Monday, December 27, 2010

Woman Suicide Bombers - A new challenge to Pakistani security forces

WFP Distribution Centre near Bajaura
In a letter to Marie Bonaparte, Sigmund Freud states that "The great question...which I have not been able to answer, despite my thirty years research to the feminine soul is 'What does a woman want?'"

The recent explosion in Bajaura, North-West Pakistan which killed at least 46 people raises new questions before the security forces. This suicide attack was carried out by a woman aged between 18-22, covered in a burqa head to foot. The prime target of the suicide attack was a UN food distribution centre which distributes food items in Bajaura, Af-Pak border. After the blast UN aid agency closed the centres that fed 41,000 families.

What ever be the reason for the emergence of women as suicide bombers (This may be the third suicide attack carried out by women suicide bombers in Pakistan, first one was in Karachi on November 2000 and second one was in Peshawar in 2007) this new phenomenon will be difficult for the security forces. Especially where majority of the woman are using burqa and the number women officers who trained in dealing with explosives are very low in number. Moreover searching woman may prove to be a very sensitive matter in the tribal societies of Af-Pak border.

People injured in the blast
Earlier some Islamic groups in Middle-East and LTTE in Srilanka used women as suicide bombers but this trend is new in Pakistan. According to Dawn Reports "Sources said that Taliban leaders Maulana Faqir Mohammad and Maulvi Mohammad Omar had warned time and again that they had women, who were willing to blow themselves up.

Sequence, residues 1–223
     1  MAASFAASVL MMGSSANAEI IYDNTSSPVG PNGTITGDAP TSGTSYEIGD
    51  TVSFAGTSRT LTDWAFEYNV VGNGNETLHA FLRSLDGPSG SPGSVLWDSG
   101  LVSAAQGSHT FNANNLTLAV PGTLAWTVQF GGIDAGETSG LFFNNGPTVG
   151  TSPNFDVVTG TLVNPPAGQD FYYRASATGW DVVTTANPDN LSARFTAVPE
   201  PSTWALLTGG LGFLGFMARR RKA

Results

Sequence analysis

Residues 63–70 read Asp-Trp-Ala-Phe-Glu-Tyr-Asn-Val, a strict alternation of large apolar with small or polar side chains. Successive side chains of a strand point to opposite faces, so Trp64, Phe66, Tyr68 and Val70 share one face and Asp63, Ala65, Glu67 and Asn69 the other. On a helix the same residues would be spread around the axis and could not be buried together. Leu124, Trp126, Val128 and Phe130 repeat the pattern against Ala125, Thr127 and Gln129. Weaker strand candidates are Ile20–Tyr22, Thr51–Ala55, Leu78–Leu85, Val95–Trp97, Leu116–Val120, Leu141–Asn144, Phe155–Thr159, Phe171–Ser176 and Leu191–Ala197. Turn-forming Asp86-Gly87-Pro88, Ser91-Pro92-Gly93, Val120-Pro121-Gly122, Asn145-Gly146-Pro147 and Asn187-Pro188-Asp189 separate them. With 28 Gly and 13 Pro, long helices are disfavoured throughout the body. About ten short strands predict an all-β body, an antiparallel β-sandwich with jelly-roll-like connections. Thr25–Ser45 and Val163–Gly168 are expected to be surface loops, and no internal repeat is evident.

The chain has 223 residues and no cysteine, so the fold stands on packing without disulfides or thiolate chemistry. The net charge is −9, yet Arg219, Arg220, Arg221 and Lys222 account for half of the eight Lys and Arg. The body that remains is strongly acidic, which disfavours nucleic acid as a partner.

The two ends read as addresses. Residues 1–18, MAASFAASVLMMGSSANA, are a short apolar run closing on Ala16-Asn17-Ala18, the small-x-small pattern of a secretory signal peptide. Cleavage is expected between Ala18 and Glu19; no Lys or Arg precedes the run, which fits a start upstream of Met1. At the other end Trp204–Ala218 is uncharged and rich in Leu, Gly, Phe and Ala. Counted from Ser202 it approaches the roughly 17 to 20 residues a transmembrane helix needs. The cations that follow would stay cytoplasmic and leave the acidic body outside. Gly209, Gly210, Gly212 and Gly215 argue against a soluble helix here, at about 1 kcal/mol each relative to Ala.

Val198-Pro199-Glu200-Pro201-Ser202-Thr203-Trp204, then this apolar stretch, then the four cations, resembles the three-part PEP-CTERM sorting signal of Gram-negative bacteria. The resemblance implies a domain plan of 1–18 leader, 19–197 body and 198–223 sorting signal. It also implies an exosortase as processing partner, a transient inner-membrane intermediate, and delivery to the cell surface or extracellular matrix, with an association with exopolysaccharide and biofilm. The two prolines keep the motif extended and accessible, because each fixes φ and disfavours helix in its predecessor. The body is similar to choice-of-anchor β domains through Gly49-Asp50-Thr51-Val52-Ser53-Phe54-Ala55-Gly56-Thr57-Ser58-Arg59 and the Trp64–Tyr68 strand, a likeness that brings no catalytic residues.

“Maulana Faqir was making announcements on FM radio warning of involving female in suicide missions,” said a resident of Bajaur. He said that local authorities had received intelligence reports that militants might carry out attack in the area.
Taliban spokesman Azam Tariq, who claimed responsibility for the attack in Bajaur, though did not verify involvement of female suicide bomber, yet he claimed that they had dozens of trained women, who were ready to lay down their lives."


In this new scenario it be more difficult for the security establishment to identify a normal woman from a bomber when they are in full burqa. As the stakes are high one quick remedy may be to hire and train women officers in counter-terrorism, explosives and focus on intelligence gathering.

As it is possible that these terrorists may employ similar tactics in the sensitive areas of Kashmir and other parts of India, it is important for the Indian security forces to train more women officers in explosives and counter-terrorism. More women officers in police and paramilitary will help the security establishment to deal more easily with the women population. It's also important for government to work hard on saving woman and teenagers from becoming would be suicide bombers...


Sajeev.


Photo courtesy to The Telegraph, MSNBC

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